BB: No, it isn’t, and I think that goes back to what you were saying early: A lot of technologies now allow us to live out these theories and theoretical moves we [as a field] have been talking about for awhile, but now it’s like the only thing the word “network” can signify is the Internet; there is no “network” unless you’re talking about the Internet. This means a lot of humanists are turned off by the whole topic, so for me, at conferences, this means a lot of shortened conversations.
CS: You’re right. And in sense, it’s not just that technology allows us to live out these theoretical perspectives, but sometimes technology appropriates those theoretical positions or threads; appropriates them, amplifies them, and transforms them so that there’s that weird duality of structuration operating there, and you don’t know which way the effects are going anymore, right? It’s not always theory to embodiment, it’s sometimes embodiment to theory. At Michigan Tech—when Jim Kalmbach and I both used to teach there—I was always saying “Oh, let’s get this new kind of computer.” and peoples’ response would always be “But what can you do with it? And what is it that needs doing that we can use this computer to do?” Jim’s response to that was always “How do I know what we know can do with it until we get it? New technologies will suggest or inspire new ways of operating; and the ways that I want to work and teach will suggest new ways of using technology—but those ways emerge as we learn to use a new technology as we live with and formulate our relationship to it.”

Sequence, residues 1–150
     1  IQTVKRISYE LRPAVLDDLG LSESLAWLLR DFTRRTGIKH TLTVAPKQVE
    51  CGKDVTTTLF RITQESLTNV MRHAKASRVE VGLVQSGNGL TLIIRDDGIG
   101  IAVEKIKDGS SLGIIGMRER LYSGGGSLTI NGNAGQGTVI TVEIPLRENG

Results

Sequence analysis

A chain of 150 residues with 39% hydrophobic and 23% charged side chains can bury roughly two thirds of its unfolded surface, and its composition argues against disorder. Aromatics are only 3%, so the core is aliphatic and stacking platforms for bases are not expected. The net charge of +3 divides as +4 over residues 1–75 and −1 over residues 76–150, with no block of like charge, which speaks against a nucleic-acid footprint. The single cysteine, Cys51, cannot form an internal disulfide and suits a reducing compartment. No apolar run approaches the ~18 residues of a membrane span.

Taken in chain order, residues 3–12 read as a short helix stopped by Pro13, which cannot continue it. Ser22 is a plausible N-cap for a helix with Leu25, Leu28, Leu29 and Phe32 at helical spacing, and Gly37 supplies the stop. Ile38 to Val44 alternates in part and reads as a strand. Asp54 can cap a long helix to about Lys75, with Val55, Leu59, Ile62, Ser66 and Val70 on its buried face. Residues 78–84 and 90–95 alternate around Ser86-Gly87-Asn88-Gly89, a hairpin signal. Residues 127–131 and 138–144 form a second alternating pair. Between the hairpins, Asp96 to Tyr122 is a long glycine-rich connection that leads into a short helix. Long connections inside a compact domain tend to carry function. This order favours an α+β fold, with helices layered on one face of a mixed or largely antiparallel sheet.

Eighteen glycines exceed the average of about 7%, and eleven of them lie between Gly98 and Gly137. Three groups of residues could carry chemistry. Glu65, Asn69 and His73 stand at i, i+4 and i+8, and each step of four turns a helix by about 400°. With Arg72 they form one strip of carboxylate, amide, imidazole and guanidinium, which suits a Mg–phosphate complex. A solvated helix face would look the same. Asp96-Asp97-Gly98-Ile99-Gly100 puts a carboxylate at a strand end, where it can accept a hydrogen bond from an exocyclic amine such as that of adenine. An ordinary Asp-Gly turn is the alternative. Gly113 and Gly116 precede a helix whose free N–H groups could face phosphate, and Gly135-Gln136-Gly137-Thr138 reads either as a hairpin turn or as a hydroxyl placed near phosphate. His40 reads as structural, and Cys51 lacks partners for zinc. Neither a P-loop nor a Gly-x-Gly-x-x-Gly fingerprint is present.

And I think that was one of the boats we missed early on with technology; we didn’t describe it in that way. We only thought of technology as a prosthesis for what we already did. We didn’t see it as a way of changing what we didn’t know we could do.
BB: In the introduction to Global Literacies and the World Wide-Web, you and Gail Hawisher explain the undergirding and enabling fiction for several “technology as boon” types is “the Web forms a global literacy environment in which peoples from all over the world can communicate with one another without significant barriers posed by geopolitical location, language, culture, everyday social practice and attitudes” (2). What are your thoughts on the above mentioned applications, technologies, and websites from my previous question and the claim—not forwarded by me but the general feeling—that these developments in everyday technology are bringing the Web closer to the aforementioned global literacy environment?